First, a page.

You set up your own list of tasks (e.g., “praise teammates,” “go for a walk once a day”) and then receive rewards when you complete them (e.g., gold coins, health potions).

The game element makes it fun to stay motivated, the time-tracking feature helps with accountability, and the chat forums connect people who share similar goals, so they can support each other through their journeys.

In case you want to keep it simple, you can just use this official notion Template, that let’s you track your progress in a simple, yet powerful way.

4. Take breaks every hour — five minutes is better than nothing!

The research is in, taking breaks every hour will help you become more productive and reduce stress.

It’s not about how long the break is, it’s about making sure to take a break at all!

The average human can only handle so much before becoming mentally exhausted.

That means that working for eight hours straight without any kind of break could be counterproductive and may lead to poor performance or even mental health issues.

5.  Do something else during those breaks, like reading a book or going for a walk

As a Remote Leader, you are always on.

You work long hours, hop from one meeting to the next, and never stop moving. It’s no surprise that you need a break, as I just mentioned.

You have to actively seek out things to have nothing to do with your job. Take a walk without looking at your cellphone (leave it at home!), or read a fiction book, that does not discuss how companies can increase their ROIs.

Take your focus away from work-related topics, so you can really unwind the mind.

6.  Get up from your desk and stretch at least once an hour

Staying in one place for long periods of time is not good for your body and can lead to back pain and many other inconveniences.

To combat this, try to get up from your desk at least once an hour and stretch or walk around.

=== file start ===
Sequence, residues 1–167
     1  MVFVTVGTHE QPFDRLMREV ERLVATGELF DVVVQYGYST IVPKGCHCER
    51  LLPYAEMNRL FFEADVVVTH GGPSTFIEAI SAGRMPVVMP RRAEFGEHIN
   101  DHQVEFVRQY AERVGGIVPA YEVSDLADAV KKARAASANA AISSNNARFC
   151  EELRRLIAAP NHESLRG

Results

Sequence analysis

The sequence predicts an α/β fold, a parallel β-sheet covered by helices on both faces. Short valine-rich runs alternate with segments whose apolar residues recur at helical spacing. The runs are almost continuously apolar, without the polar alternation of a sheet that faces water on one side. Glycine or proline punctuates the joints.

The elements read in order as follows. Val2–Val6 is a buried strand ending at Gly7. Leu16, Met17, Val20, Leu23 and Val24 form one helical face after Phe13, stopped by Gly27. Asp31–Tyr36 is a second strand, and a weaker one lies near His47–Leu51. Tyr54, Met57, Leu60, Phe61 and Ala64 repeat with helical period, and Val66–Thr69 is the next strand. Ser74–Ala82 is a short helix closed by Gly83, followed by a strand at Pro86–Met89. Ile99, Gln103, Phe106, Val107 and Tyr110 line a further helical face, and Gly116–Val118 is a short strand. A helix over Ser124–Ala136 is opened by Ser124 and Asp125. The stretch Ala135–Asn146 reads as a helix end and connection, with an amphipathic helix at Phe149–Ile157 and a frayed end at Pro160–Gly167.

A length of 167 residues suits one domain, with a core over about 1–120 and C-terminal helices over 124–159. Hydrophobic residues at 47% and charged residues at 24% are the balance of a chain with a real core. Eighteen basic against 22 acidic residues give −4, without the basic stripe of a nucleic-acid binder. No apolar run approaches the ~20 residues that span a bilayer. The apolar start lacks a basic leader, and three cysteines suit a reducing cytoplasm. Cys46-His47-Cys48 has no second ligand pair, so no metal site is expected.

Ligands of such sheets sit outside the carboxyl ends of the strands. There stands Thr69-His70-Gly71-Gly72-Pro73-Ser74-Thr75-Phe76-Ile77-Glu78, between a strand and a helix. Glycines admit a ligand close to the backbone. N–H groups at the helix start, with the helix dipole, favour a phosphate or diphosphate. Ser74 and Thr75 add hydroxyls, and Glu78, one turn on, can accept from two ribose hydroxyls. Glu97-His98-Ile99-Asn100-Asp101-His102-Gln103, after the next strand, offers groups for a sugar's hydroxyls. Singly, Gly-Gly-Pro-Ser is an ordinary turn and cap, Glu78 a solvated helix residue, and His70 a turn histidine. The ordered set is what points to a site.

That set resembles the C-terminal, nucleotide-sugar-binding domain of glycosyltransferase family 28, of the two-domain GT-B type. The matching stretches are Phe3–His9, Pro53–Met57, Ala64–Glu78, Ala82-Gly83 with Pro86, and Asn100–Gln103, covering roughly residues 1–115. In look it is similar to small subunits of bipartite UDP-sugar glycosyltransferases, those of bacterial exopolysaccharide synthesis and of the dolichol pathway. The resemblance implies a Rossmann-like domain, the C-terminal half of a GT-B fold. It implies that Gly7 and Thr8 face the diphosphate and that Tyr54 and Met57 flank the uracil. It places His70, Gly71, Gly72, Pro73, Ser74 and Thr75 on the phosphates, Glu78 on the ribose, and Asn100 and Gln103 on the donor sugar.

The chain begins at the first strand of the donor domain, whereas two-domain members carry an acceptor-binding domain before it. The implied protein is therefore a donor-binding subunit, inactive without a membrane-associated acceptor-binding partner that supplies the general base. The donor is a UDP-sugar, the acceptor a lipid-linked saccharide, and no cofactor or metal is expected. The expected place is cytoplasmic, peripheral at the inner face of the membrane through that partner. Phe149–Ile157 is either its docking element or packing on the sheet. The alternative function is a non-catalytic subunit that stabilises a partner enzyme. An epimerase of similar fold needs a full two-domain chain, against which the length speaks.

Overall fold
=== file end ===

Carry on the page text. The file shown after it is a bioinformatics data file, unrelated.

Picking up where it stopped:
Trust me, you’ll feel better and be more productive as a result!

2 Reminders for stress reduction while working remotely

Create boundaries between work and personal life by setting up an office space in a different room of the house if possible

  1. Give yourself permission to take breaks during the day, even if they’re just 10 minutes long. It’s totally ok not to be at the Desk the whole day!
  2. Take care of your body by drinking water, eating healthy food, and getting enough sleep. Yes, I know it sounds basic, but these are the things that are often overseen

As a leader, it’s your job to show your team that remote work can be rewarding and satisfying.

If you feel like all the pressure is getting too much for you, take some time off or talk out how you’re feeling with someone close to you.

You don’t want to let this stress negatively affect not only yourself, but also those who depend on you in order for them to do their jobs well!

There are plenty of ways that leaders have found balance while working remotely, so there’s no reason why any one person should go without support.


Photo from Vlada Karpovich from Pexels
Animation by vik4graphic from Lottiefiles
Brain Image Microsoft Research/Illustration by Brown Bird Design from Microsoft WTI Pulse Report